Posted by: Norma Adams-Wade, Special Contributor | DMN
A team of elementary-age debaters is setting a good example for adults of how to resolve differences peacefully.
In this modern age of high-level wrangling and sometimes physical confrontation over opposing opinions, these debaters from the Kathlyn Joy Gilliam Museum already have been noticed for their skill at artful argument.
This Dallas team of third-, fourth- and fifth-graders won both the “affirmative” (for) and “negative” (against) rounds at the elementary division of the Atlanta Urban Debate League Tournament on May 12 at Emory University in Atlanta. It was the Dallas team’s first time in the national competition.
“I think Mrs. Gilliam would have been very pleased,” said her daughter Connie Gilliam-Harris, who led efforts to transform her mother’s home into a museum — a project that was both a tribute to her late mother’s memorable community and education work and a pledge to continue that work.
The museum is a Dallas historic landmark at 3817 Wendelkin St. in South Dallas, where Gilliam lived for 35 years. Gilliam was an iconic advocate for civil rights and equal education for black children, and in the 1970s she became the Dallas school board’s first black female trustee. The museum houses her memorabilia, trains elementary-age debaters and provides a reading and learning lab for students and adults. The Kathlyn Joy Gilliam Collegiate Academy in Oak Cliff also is named in her honor.
“Our students really seemed to shine,” Gilliam-Harris said of the team’s trip to Atlanta. “And you could tell that they had been working very hard.”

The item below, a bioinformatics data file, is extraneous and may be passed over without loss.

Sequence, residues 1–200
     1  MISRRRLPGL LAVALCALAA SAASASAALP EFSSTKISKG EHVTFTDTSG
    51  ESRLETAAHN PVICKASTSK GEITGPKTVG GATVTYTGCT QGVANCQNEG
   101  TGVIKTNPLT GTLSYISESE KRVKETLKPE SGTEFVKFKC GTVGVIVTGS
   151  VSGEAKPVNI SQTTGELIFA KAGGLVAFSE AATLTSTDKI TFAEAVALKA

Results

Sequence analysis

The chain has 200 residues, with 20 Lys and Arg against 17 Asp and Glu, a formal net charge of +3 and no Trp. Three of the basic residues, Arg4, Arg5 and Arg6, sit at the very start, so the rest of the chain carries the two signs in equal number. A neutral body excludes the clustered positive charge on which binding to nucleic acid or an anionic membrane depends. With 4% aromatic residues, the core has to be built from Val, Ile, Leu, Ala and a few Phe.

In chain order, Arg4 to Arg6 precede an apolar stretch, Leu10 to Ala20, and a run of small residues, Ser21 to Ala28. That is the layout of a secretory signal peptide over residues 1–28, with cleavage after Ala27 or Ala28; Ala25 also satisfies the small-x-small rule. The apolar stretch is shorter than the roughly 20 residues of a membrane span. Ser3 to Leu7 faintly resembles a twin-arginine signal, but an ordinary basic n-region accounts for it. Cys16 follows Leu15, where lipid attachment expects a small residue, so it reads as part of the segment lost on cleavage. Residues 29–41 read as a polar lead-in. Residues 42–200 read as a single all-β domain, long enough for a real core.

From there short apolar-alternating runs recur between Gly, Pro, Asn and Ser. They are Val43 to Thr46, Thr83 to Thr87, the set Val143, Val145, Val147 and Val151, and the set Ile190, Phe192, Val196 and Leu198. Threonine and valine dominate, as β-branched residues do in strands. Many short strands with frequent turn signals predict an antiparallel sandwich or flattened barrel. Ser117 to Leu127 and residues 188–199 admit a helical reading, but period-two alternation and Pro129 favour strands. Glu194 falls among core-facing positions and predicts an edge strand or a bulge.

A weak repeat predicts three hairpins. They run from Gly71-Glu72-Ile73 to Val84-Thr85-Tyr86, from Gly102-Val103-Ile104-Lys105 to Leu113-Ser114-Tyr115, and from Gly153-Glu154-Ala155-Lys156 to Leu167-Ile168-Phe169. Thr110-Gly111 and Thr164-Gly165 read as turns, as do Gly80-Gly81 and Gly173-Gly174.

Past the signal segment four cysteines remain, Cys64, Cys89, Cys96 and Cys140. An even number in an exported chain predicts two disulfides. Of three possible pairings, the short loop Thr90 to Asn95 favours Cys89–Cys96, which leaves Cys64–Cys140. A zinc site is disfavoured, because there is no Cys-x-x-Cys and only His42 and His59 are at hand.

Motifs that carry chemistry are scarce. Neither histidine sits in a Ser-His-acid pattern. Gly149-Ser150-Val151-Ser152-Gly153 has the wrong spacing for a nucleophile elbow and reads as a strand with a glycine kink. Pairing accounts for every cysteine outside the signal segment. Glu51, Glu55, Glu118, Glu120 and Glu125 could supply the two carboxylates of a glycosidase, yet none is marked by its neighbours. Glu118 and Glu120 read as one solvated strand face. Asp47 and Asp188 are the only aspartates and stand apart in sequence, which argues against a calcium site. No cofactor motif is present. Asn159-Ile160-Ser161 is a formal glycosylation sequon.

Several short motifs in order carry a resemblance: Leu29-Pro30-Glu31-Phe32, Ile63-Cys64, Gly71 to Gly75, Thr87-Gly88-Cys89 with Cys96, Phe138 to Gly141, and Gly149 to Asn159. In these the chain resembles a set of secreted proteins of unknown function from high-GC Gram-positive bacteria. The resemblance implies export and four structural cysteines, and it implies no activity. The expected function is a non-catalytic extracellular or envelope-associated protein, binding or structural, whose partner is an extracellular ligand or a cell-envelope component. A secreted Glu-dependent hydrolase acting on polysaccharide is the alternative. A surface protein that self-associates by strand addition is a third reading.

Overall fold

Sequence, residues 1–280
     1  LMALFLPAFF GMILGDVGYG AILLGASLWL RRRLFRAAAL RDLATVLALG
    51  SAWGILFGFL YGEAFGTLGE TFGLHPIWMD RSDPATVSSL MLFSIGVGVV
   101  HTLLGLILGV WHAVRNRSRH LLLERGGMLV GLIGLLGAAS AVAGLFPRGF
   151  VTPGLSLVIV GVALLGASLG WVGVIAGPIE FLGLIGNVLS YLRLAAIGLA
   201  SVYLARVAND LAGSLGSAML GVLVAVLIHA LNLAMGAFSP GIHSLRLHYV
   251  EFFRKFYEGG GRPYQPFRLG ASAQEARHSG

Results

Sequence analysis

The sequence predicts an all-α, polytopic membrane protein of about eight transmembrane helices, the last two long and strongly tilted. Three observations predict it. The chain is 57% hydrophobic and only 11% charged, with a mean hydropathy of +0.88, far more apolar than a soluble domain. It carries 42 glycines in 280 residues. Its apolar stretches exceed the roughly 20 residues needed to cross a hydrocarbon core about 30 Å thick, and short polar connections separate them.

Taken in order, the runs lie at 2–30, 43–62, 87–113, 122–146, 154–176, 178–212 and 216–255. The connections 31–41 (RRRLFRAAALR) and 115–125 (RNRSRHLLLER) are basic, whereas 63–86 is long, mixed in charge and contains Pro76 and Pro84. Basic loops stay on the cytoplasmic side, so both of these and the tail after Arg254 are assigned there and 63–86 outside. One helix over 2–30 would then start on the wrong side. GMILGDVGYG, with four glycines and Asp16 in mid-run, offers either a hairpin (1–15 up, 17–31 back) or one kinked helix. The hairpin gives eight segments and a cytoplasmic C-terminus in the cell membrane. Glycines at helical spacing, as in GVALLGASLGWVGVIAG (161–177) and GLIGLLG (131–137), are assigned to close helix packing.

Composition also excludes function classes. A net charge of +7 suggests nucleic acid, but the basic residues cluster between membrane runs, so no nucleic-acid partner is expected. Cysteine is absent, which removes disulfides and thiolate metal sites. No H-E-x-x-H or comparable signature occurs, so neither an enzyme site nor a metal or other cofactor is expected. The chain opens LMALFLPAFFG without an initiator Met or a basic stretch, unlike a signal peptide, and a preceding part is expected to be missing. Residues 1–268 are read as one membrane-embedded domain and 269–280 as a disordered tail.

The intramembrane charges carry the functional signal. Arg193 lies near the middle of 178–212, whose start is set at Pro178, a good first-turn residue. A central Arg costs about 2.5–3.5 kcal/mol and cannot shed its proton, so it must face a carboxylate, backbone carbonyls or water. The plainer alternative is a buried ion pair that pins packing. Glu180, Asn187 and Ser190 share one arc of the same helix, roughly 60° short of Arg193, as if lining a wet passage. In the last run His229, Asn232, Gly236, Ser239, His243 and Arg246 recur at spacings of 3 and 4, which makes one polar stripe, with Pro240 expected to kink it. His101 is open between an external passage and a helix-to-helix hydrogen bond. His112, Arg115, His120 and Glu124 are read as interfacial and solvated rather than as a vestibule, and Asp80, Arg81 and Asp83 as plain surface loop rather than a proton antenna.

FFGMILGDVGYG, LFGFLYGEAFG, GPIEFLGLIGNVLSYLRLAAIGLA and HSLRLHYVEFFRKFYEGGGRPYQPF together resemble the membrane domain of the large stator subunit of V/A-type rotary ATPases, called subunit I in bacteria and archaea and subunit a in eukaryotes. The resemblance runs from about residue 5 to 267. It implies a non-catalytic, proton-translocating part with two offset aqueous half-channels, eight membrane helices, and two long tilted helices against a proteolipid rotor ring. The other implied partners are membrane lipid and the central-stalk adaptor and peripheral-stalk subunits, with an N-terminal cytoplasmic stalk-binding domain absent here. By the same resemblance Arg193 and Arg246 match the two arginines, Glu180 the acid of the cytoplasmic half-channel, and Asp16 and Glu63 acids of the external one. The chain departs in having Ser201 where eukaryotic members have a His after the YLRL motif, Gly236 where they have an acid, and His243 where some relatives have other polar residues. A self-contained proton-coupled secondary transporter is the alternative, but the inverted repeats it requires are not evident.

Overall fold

Harris credited longtime Dallas educator Robert Edison for volunteering as the team’s coach and for grilling the students weekly for a month and a half.
Edison could not be reached for comment, but Harris said his years of experience teaching and mentoring young people paid off. Edison retired earlier this month after 44 years with Dallas public schools. He was debate coach at the Barack Obama Male Leadership Academy, was director of social studies for Dallas ISD, and he kept busy in classrooms and the community as an American history and black studies scholar, lecturer and curator of museums.
Dallas, Atlanta and Laurel, Miss., are the nation’s three cities that train elementary debaters, Gilliam-Harris said. Each of the Gilliam Museum’s three teams won at least one round at the Atlanta tournament, and one team won both the affirmative and negative faceoffs. The topic was “Americans should invest in locally produced goods rather than globally produced goods.”
Team members hailed from a variety of schools, including Charles Rice Elementary in South Dallas and Wilmer-Hutchins Elementary. The students included Jemarion Alexander, Ava Bolden, Brayden Brown, Sanaa Bryant, Edward Ja Ja Collins, Kaylee Green, Dallas Ross, Jaelyn Thomas and Skye Turner.
Third-, fourth and fifth-grade students from throughout the Dallas area are welcome to take part in the debate program, although the project targets youth in South Dallas.
“We will not turn anyone away,” Gilliam-Harris said.
The museum, which is open for tours year-round by appointment only, is planning its summer schedule of youth activities, she said. To learn more or to sponsor or volunteer for museum projects, call 469-458-0208 or visit www.kathlynjoygilliammuseum.org.
ABOUT TOWN: The Dallas chapter of the Texas Southern University National Alumni Association will honor several local alumni at its 16th annual Scholarship and Awards Luncheon at 12:30 p.m. Saturday at the Hilton Anatole Hotel, 2201 N. Stemmons Freeway. The alumni are civic volunteer Rhetta Bowers, engineer and minister Elwaine Johnson, trailblazing Dallas County District Attorney Faith Johnson and pharmacist Willard Stimpson. Dallas County Justice of the Peace Valencia Nash will speak. Admission is $60. To learn more, call 832-656-6355 or email firstname.lastname@example.org.